Staff at a top London law firm have been told they can work from home permanently – but they will have to take a 20% pay cut.
Managing partners at Stephenson Harwood are offering lawyers and other staff the option as City firms try to move beyond solely office-based working in a post-pandemic cultural shift to flexible and remote models.
Junior lawyers at the company have starting salaries of £90,000, meaning anyone taking up the officer would lose about £18,000.
Stephenson Harwood, one of the top 50 highest earning legal firms in the UK and with its headquarters in London, employs more than 1,100 people and has offices in Paris, Greece, Hong Kong, Singapore and South Korea.
A spokesperson for the firm told the Times that the new working policy would apply to staff at its London office and most of the company’s international offices. Partners will not be eligible, though. Full equity partners receive an average of £685,000 annually.
The new salary sacrifice for full remote working policy is being introduced after the company’s experience of recruiting lawyers during the coronavirus pandemic who were not based in London, where living costs tend to be higher.
However, the company said it expected only a few staff to take up the full-time work from home option because “for the vast majority of our people, our hybrid working policy works well”.
Staff already have the option of working remotely for two days a week.
“Like so many firms, we see value in being in the office together regularly, while also being able to offer our people flexibility,” the spokesman said.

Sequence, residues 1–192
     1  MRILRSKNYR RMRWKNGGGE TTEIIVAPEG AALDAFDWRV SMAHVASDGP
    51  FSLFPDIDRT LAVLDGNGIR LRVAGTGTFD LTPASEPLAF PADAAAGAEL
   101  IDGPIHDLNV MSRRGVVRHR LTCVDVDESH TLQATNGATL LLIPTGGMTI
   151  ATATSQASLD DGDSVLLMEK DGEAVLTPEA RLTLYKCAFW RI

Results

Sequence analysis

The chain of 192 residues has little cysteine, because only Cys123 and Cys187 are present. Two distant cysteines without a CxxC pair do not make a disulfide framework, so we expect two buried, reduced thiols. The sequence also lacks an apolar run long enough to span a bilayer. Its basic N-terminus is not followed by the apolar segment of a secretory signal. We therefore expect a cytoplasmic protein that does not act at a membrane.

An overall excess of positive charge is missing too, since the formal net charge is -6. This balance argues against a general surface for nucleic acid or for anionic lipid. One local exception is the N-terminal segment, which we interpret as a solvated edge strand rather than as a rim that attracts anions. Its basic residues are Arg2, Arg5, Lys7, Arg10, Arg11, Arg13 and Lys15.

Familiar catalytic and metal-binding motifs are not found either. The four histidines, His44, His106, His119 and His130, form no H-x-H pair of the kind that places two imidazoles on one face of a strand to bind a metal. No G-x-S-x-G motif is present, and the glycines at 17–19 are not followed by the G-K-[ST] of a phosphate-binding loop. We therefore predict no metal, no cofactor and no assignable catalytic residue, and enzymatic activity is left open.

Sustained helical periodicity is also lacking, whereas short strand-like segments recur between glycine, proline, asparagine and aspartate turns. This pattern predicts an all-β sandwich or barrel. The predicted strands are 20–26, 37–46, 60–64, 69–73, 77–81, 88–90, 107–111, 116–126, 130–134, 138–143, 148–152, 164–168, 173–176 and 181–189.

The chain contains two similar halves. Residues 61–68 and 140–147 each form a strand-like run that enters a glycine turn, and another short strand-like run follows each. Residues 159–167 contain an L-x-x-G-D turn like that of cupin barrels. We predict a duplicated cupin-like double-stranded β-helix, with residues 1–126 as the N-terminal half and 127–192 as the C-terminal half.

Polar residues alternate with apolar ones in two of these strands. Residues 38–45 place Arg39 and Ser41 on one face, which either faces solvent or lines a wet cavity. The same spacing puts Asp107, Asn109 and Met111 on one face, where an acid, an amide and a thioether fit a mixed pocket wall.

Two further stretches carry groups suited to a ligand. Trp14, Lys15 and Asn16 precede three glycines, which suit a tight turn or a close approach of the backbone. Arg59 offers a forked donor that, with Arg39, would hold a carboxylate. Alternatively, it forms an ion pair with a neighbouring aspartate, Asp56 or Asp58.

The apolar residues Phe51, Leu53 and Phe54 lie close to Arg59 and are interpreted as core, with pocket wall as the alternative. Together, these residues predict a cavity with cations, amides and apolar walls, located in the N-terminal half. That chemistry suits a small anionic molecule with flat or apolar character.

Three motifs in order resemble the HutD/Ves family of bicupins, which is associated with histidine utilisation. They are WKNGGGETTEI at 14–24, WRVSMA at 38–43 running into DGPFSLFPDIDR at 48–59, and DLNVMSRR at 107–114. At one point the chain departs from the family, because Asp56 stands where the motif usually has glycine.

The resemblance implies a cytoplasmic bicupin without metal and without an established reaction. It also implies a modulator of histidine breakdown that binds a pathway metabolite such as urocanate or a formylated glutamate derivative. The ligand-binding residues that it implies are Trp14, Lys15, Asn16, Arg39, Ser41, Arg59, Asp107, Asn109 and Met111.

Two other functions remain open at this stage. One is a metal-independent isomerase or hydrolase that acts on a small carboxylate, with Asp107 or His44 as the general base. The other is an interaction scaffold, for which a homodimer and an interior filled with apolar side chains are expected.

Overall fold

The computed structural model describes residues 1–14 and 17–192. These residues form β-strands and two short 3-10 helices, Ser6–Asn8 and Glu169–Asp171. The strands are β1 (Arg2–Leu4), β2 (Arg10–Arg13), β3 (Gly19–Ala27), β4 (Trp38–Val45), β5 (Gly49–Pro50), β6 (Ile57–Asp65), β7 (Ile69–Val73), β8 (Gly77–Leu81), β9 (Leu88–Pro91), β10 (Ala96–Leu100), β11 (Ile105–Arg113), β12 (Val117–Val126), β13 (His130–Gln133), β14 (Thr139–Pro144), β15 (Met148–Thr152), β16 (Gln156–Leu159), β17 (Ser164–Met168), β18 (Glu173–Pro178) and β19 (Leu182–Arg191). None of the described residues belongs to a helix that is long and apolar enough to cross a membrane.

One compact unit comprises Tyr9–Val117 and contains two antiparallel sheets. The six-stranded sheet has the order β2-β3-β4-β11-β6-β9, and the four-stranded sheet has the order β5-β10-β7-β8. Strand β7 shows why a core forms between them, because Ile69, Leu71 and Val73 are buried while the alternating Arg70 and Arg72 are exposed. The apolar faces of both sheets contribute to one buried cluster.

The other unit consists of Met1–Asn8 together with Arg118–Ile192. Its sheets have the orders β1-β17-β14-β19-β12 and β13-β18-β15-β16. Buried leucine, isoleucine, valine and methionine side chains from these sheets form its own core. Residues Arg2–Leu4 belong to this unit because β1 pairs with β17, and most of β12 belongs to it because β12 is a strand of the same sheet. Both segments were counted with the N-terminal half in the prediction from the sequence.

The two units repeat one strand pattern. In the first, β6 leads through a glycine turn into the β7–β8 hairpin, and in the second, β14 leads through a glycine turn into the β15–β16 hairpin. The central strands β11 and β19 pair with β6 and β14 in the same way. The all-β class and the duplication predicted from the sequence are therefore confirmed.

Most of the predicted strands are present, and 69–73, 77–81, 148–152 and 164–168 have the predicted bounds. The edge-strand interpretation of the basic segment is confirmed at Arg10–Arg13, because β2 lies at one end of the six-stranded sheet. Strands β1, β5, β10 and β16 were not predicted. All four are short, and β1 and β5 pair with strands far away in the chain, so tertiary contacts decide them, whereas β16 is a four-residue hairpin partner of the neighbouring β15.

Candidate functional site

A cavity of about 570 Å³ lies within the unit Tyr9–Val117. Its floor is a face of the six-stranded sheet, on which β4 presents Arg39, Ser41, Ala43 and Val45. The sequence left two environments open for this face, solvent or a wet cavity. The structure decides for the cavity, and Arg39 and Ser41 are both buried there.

While many firms are looking at ways to entice workers thriving on flexible and remote working to return to the office, Airbnb has moved in the other direction, announcing that its staff can live and work anywhere they want.
On Thursday, Brian Chesky, Airbnb’s co-founder and chief executive, tweeted that employees could work from anywhere in the country they live without having to take a pay cut.
In addition, he said staff had the flexibility to “to live and work in 170 countries for up to 90 days a year in each location”, as part of a plan that will also involve “most” staff connecting in person for about a week every three months.
Last month, a pilot programme involving more than 3,000 workers at 60 companies across Britain taking part in a four-day working week trial was announced.
The scheme, thought to be the biggest trial anywhere in the world, will run initially from June to December.
It comes as the push for companies to adopt a shorter working week – crucially with no loss of pay while aiming for higher productivity – gains momentum as a way of improving working conditions.
This content was originally published here.